March 31 1814: Allies Enter Paris

At 2 a.m. on the morning of March 31 1814, Marshal Marmont signs the final Armistice surrendering Paris to the Allied Armies. Marmont and the French Army are required to leave Paris by 7 a.m. that day. They begin to leave immediately. Paris is under foreign occupation for the first time since 1436, when the English last occupied the city.

Napoleon travelling ahead of his army reaches Juvisy, some 12 miles south of Paris, in the middle of the night. It is too late. The French army is already evacuating Paris. Napoleon withdraws to Fontainebleau, some 35 miles south-east of Paris. If he had arrived a day earlier, he may have been able to rally the troops in Paris’ defence, or have been responsible for leaving Paris in ruin.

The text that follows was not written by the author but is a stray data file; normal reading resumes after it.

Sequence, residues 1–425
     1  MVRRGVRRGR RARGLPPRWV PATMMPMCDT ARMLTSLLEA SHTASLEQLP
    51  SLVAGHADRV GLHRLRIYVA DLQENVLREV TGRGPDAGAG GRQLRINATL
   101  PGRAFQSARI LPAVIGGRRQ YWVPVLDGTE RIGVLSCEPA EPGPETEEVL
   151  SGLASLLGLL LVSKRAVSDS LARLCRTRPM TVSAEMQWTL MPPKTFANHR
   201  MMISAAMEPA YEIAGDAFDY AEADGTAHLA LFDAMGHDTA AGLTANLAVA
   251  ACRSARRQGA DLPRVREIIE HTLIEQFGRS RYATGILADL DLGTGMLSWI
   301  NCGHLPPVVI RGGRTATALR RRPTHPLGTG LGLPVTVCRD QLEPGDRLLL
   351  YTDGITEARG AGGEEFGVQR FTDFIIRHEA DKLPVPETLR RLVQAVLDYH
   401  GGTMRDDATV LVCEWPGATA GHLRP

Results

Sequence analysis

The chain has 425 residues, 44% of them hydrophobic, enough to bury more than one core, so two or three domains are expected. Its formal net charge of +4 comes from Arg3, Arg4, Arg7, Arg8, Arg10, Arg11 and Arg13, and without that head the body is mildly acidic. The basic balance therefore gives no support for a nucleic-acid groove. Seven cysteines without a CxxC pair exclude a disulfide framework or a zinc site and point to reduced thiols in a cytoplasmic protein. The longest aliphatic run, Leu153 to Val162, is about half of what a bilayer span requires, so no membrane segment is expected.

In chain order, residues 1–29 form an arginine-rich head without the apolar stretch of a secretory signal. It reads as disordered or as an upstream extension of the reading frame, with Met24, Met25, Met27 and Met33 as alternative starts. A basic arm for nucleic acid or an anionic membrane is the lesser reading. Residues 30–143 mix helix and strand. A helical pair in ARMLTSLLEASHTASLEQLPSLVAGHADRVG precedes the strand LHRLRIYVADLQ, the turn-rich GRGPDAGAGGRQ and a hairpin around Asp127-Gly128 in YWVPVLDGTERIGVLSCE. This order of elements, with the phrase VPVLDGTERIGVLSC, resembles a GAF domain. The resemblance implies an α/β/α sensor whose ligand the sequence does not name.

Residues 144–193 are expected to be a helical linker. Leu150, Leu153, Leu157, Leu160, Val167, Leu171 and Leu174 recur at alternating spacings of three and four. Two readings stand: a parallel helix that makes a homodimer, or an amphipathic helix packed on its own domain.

At 11a.m, Czar Alexander triumphantly enters Paris together with King Frederick William III of Prussia, and Prince Schwarzenberg of Austria followed by troops from the conquering nations. Russian, Austrian and Prussian troops pass though the Avenue de Champs Elysees. Talleyrand is present to give Alexander the key to the city.

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